On the hardware side of matters, the company and its partners will be extending its VR Ready program into the professional desktop market. Dell, Lenovo, HP, and other vendors will be shipping VR Ready certified workstations in the coming months. The minimum required here is the Quadro M5000 – NVIDIA’s second-tier desktop Quadro card featuring a fully enabled GM204 GPU – while various Quadro M6000 configurations will offer additional power. For those applications that support VR SLI, at the top of the stack is the recently launched 24GB M6000 in SLI.

Along with the immediate performance requirements for driving a VR headset, NVIDIA is hoping to sell developers on the utility of additional performance when working on VR development, as content creation by its very nature lacks the rigid performance optimizations and boundaries of consumer content. Arguably the Holy Grail here is being able to do VR development in VR, and while current video card performance doesn’t quite allow that on a full scape, at least parts of the process can be done in VR today. At the same time it doesn’t look like we’ll see an NVIDIA answer to the recently announced AMD Radeon Pro Duo, however given NVIDIA’s dominant position in the professional GPU market, it’s not all that surprising.

For professional VR, NVIDIA is also reminding developers that VR Works is available for professional applications as well as consumer applications. There are not any professional-specific VR technologies in VR Works, so the functionality is otherwise identical to what we’ve seen before, with application developers getting access to VR SLI, various shading techniques including multi-res shading, and support for asynchronous timewarp as implemented in the latest VR headset SDKs. As with consumer applications, for a lot of developers this will be more about what applications support these technologies, as they use licensed engines and applications to develop their final products.

Finally, as far as professional VR use cases go, we should see quite a bit of it on display at the show this week. NVIDIA has a whole section of the showfloor dedicated to VR – what they’re calling VR Village – where developers will be showing off how they’re using VR. Common themes this year will include collaboration, medical, and prototyping/development (think VR CAD). Though VR as a whole has primarily been focused on consumer uses – and there will be plenty of that as the show as well – NVIDIA seem keen on showing professional users that VR can be used to augment what they do as well.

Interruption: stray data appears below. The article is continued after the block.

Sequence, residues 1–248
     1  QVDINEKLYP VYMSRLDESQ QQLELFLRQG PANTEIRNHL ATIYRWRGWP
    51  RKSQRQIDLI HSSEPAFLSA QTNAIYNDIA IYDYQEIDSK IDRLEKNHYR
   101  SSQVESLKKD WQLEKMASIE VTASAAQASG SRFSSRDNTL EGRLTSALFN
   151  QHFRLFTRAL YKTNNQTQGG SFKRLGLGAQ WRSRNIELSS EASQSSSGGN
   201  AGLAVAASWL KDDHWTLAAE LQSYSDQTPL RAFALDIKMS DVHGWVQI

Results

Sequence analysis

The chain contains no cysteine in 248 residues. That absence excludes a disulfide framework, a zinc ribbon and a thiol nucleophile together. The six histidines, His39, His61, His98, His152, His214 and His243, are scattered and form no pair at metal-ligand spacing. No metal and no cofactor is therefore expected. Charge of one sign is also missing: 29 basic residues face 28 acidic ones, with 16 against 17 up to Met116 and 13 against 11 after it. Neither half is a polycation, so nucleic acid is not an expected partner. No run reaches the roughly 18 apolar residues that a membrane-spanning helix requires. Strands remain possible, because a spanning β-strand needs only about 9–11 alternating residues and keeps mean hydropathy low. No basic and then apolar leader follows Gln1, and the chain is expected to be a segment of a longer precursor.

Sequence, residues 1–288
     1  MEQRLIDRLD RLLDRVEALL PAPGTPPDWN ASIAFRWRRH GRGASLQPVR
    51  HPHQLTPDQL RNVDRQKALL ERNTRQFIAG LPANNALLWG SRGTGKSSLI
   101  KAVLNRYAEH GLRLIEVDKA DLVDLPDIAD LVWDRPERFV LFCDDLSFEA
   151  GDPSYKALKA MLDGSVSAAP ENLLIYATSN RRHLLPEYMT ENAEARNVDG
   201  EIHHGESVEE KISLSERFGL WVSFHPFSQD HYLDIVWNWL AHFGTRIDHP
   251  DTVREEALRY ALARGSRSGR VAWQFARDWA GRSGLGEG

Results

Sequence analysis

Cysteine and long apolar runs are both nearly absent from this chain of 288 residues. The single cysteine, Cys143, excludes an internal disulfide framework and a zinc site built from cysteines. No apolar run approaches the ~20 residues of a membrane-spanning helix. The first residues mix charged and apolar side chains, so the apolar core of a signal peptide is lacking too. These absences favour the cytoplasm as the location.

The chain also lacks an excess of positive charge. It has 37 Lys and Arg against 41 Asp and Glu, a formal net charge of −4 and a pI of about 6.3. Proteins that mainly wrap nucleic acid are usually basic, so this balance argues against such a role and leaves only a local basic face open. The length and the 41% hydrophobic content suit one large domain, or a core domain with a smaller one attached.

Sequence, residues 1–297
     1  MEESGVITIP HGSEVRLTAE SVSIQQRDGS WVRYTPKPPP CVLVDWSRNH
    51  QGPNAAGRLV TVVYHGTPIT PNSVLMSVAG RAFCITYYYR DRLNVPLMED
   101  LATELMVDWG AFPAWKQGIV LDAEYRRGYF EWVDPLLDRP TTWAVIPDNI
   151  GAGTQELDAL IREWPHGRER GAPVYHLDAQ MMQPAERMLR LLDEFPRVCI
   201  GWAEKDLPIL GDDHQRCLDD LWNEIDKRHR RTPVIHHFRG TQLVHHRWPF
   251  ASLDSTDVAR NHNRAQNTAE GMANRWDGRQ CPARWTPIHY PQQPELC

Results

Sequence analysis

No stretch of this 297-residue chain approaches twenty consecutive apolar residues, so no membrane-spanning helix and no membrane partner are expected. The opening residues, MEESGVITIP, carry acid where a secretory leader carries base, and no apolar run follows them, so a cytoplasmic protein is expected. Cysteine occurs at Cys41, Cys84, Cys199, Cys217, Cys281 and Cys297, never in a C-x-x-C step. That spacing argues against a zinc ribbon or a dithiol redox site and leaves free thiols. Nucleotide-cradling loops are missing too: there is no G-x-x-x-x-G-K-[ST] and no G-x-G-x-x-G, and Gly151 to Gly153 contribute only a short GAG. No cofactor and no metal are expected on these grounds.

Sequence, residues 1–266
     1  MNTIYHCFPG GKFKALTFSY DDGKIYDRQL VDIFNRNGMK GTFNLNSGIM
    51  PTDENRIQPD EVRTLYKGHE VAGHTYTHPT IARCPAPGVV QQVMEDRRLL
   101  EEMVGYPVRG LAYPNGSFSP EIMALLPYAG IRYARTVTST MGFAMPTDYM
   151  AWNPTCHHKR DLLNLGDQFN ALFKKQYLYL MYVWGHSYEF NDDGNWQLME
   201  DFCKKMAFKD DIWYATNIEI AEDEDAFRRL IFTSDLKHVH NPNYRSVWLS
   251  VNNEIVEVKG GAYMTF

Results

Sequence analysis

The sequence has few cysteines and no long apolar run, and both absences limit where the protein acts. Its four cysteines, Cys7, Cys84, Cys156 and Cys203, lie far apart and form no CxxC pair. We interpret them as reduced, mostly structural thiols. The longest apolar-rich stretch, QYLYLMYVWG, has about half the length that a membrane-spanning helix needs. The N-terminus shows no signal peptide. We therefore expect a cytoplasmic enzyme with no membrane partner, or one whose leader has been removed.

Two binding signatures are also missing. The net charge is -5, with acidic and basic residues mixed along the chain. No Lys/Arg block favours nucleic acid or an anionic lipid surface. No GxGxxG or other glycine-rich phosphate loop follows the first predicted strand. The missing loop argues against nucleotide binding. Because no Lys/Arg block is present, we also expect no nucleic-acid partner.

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  • Notmyusualid - Monday, April 4, 2016 - link

    There are many laptops out there now 300W, and beyond.

    Some people have 2x 330W PSUs hooked up, just for overclocking.

    Chassis have got much better at getting rid of the heat, and not burning your lap. But when gaming, you a) wouldn't have it on your lap anyway, and b) if you did, then you'd feel the heat from the rear, not so much from the chassis.

    On iGPU, things are much different.

    With regard to the article, notebookcheck is usually first to list a new mobile GPU, from Chinese leaks, but alas in this case they have nothing in their chart for a change, so well done AT.

    I wonder if its standard mxm slot, or the massive gpu card, that is the '980 Notebook'
  • Ryan Smith - Monday, April 4, 2016 - link

    I fully expect it's identical to the GTX 980 Notebook. Same configs, same TDP.
  • waldojim42 - Friday, April 8, 2016 - link

    I never really liked that argument. I spend a fair amount of time away from home - and still need the power where ever I happen to be. Yes I run 100W GPU's. No, it really isn't a problem.
  • Meaker10 - Monday, April 4, 2016 - link

    3D rendering - Plugged in - 150W - on a desk.
    2D desktop - battery - 10W - on your lap.

  • Meaker10 - Monday, April 4, 2016 - link

    You can support optimus on the internal panel (with an optional switch) while having the external outputs directly wired into the dgpu. The gpu gets permanently activated when plugged into an external monitor but that's usually at a desk anyway.
  • tarqsharq - Tuesday, April 5, 2016 - link

    The chart for memory clock has mixed units of Hz and bandwidth...